In Nautilus, the Montana Supreme Court stated that negligence on the part of the broker while performing the specific acts of "delivering the policy and in collecting and remitting the premiums... may result in liability" on the part of the insurance agent to the insurer.Summary of this case from Preferred Contractors Ins. Co. v. Sherman
Submitted on briefs July 30, 1992.
Decided September 3, 1992.
Appeal from District Court of Jefferson County. Fifth Judicial District. Honorable Frank M. Davis, Judge.
For Plaintiff and Appellant: Barry G. O'Connell and Cindy E. Younkin, Moore, O'Connell, Refling Manos, Bozeman.
For Defendant and Respondent: Robert M. Carlson, Corette, Pohlman, Allen, Black Carlson, Butte.
Nautilus Insurance Company appeals from the granting of a directed verdict, and the judgment entered thereon, in favor of First National Insurance, Inc., by the Fifth Judicial District Court, Jefferson County. We affirm.
The dispositive issue on appeal is whether the District Court erred in directing a verdict for the defendant on the basis that no duty was owed to the plaintiff.
Patty Crane (Patty), now known as Patty Flynn, contacted Rick March (Rick) at First National Insurance, Inc. (FNI) in January, 1987, seeking fire and liability coverage for business property owned by herself and Walter Crane in Helena, Montana. Rick requested coverage through Sentinel General Agency (Sentinel) for both property and liability insurance and received a quote which he believed included the requested liability coverage. Sentinel sent Rick binders identifying coverage through Nautilus Insurance Company (Nautilus) and Aegon Insurance Company in the aggregate amount of $100,000 ($50,000 coverage by each insurer) for insuring the premises only; the effective date of the policies was February 27, 1987.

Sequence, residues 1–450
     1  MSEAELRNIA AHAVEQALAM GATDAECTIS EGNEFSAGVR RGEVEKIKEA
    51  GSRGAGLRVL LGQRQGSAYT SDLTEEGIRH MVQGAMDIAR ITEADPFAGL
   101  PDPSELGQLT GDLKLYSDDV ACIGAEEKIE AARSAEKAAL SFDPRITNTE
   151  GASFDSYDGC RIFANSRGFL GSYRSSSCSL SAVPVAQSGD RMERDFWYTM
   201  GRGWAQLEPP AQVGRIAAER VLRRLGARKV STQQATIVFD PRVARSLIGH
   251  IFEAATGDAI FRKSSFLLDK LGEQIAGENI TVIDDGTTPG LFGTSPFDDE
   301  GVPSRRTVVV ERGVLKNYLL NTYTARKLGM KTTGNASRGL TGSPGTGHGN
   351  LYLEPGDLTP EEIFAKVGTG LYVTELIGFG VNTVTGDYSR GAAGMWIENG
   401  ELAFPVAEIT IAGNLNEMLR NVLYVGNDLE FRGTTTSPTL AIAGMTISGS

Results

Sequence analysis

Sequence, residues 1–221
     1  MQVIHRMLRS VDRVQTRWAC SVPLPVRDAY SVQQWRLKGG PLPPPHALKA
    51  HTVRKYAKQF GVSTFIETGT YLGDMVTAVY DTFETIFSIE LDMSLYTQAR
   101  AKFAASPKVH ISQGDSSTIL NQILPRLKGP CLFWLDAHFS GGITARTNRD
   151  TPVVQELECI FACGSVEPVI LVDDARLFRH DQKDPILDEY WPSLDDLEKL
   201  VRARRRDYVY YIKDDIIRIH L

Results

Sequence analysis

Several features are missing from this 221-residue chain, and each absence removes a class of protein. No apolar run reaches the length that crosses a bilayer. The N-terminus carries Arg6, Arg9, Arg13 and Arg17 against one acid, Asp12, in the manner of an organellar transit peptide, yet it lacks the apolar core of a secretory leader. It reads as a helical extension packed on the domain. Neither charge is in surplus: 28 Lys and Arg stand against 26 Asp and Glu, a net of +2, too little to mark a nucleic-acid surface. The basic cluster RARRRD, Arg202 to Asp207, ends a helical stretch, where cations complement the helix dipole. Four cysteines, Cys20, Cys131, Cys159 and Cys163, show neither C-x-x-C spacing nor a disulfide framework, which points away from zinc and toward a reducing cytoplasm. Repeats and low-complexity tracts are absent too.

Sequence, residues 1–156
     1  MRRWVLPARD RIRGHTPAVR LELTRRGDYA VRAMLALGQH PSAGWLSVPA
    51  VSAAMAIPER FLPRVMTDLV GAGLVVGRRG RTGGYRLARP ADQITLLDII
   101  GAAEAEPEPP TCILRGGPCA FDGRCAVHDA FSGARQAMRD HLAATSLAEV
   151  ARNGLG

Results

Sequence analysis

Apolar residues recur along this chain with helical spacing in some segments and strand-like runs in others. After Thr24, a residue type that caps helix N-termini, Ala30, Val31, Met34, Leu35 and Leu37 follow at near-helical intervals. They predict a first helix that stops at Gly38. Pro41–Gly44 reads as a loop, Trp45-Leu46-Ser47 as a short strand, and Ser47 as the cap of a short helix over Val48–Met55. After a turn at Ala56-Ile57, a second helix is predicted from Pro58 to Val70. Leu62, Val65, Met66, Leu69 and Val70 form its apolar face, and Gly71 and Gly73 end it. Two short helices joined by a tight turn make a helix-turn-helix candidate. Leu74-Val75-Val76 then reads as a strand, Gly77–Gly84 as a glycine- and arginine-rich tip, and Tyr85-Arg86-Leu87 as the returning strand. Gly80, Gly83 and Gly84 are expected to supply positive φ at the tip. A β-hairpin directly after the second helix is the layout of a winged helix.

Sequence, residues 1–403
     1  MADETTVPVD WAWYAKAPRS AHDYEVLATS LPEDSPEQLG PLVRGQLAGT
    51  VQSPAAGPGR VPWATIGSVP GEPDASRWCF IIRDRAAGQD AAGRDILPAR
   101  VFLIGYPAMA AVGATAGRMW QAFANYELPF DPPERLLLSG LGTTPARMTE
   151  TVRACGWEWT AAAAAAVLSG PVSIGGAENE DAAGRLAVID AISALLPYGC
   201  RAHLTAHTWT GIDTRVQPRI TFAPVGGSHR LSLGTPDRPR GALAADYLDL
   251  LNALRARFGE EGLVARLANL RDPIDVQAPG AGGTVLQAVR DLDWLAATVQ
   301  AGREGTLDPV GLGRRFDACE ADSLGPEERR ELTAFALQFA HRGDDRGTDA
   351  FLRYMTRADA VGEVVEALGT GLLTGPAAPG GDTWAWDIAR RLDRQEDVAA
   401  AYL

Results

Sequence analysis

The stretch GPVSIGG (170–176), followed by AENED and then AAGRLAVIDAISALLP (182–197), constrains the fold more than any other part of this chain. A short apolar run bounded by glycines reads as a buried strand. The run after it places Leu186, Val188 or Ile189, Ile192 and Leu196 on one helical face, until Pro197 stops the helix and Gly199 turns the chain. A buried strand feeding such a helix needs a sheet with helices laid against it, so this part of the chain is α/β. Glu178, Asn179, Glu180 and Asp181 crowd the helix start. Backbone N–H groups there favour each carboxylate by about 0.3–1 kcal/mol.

The Cranes advised Rick that they also needed liability coverage and he continued to seek coverage from other companies while the Nautilus policy was in effect. As a result of their own efforts, the Cranes obtained the coverage they desired from Travelers Insurance Company effective April 2, 1987. On that date, Patty told Rick about the new coverage and verbally requested FNI to cancel the Nautilus and Aegon polices. Thereafter, via telephone and several letters, Rick advised the Cranes that in order to cancel the policies they must either return the policies or sign a cancellation request/policy release form. The Cranes did neither; nor did Rick inform Nautilus during this time that the Cranes desired to cancel or that they had obtained alternative coverage.